Things are getting interesting, so let's talk about the odds.
Chipper Jones is not a .400 hitter. However, that doesn’t mean that he won’t hit .400. What we have on our hands is a classic case of the irresistible force against the immovable object. On the one hand, it’s exceptionally unlikely that a player who has hit .310 over a 15-year major league career suddenly woke up one morning at 35 years old and became a .400 hitter. Jones is seeing the ball exceptionally well, and apart from frequent problems with injury, he has aged relatively gracefully. He’s also undoubtedly squeezed a few lucky hits in between the shortstop and the second baseman, and had a few Texas Leaguers drop in.
The early returns on PECOTA's projecting last season's big-bonus draft choices.
This was the first year that we attempted to run PECOTA forecasts for players with no professional playing time whatsoever. It was a decision born out of necessity: because of all the brinkmanship in the signing bonus negotiation period last year, a large number of elite draft picks either did not start their seasons until August, or didn't play professionally at all.
The rest of this article is restricted to Baseball Prospectus Subscribers.
Not a subscriber?
Click here for more information on Baseball Prospectus subscriptions or use the buttons to the right to subscribe and get access to the best baseball content on the web.
Projecting the value of the best-hitting pitchers, as well as the worst.
In the six years that I've generated PECOTA forecasts, I've never bothered to run hitting projections for pitchers. In fact, I've regarded pitcher hitting as something of a nuisance; I specifically screen out any pitchers so that they won't be selected as comparable players. This isn't an aesthetic judgment by any means-watching pitchers try (and fail) to hit is one of my favorite pastimes. But since even the pitchers who make 35 starts a year won't usually get more than 80 or 90 plate appearances, I've generally figured that it wasn't quite worth the trouble.
Ease up there, Hemingway, we're talking about pitchers, and whether we're missing a few from the last couple of decades.
When we see the level of offense go up or down in baseball-and it has been down dramatically this season-we tend to attribute it to everything other than the players themselves. In any given downturn, it's the bats, or the baseballs, or the ballparks, or the drugs that the players are injecting themselves with. Or all of those things. But what if it isn't all about context? What if, when offense is up, it literally does mean that there aren't very many good pitchers?
The list of top keystone prospects includes a mix of young players to watch and older players who fell out of favor.
When we last ran an installment of the PECOTA Takes on Prospects series, gas prices were nearing $4.00 a gallon, the Democratic primary looked like it would never end, and the stock market was more jittery than Will Carroll on his fourteenth cup of coffee. All right, so perhaps not all that much has changed. But let's get back on track by tackling second basemen.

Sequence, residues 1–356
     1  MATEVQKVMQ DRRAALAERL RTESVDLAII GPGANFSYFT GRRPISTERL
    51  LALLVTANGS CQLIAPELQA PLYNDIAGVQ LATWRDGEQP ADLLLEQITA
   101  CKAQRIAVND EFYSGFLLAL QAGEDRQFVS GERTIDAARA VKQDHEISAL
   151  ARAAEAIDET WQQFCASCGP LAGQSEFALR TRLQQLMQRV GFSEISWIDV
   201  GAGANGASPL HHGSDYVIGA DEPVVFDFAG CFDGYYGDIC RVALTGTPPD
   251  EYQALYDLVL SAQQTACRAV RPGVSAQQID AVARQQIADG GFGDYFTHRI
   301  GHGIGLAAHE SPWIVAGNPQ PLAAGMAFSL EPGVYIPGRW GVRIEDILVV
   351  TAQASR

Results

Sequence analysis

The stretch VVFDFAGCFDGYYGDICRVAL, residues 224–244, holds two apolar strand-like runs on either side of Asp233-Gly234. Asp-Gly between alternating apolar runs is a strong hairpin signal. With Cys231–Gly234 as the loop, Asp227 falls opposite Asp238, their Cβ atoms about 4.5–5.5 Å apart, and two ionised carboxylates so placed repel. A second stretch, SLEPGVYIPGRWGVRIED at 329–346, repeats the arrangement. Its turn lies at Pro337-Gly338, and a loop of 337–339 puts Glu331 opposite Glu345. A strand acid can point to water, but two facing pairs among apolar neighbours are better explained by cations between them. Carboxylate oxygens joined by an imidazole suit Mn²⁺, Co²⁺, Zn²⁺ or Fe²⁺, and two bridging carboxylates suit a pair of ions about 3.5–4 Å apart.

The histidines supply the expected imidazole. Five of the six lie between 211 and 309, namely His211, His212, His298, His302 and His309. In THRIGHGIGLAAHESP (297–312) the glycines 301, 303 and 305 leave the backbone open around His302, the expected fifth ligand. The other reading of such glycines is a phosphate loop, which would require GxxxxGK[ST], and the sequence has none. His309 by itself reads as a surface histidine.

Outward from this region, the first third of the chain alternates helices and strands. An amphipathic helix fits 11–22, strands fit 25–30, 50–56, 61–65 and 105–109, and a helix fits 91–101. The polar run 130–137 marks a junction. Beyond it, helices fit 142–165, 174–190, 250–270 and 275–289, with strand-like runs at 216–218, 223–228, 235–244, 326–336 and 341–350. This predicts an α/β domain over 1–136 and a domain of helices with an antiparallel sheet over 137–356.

Has the guessing game over who used what when gone too far?
Every time I do a chat aroud this time of year, when small sample sizes encourage people to leap to conclusions, I get a couple of questions like these (names have been changed to protect those who have lost their innocence):
After a quick bit of aging, the Astros' shortstop might not lose much to Father Time now, but the clock's ticking.
My first thought after I learned that Miguel Tejada was two years older than his listed birth date was that I wasn't really all that surprised by the news. My second thought was that he just threw away his shot at the Hall of Fame. One of these two thoughts is valid; the other is a little out of place. Let's take care of the obvious part first. Below is a comparison of Miguel Tejada's original PECOTA forecast with a new one that we've generated by aging him exactly two years and leaving everything else alone:
Which players might struggle to match their PECOTA projections this year?
It's actually much more difficult to come up with an 'anti-' list than a 'pro-' list. Not only do I really feel like I have to bet against my own system, but it seems like I'm picking on individual players and teams. If it makes you feel any better, two of the eleven names you see below play prominent roles on one or another of my fantasy teams.
Who might most outperform their PECOTAs? Plus projected standings and the top three storylines of the new season.
Spring has a way of creeping up on you in the Midwest, and it crept up on me this year without my ever getting an article out on the PECOTA projected standings. So, rather than try and pretend that that I didn't see what happened over the first couple days of the season-I will point out that my three favorite teams (the Tigers, White Sox, and Cubs) are a collective 0-6-I'm instead going to focus things at the player level, and give you a list of 11 guys that I expect to outperform their PECOTA forecasts this year. Tomorrow, we'll do the equally fun part of this list: those guys that I expect to underachieve PECOTA.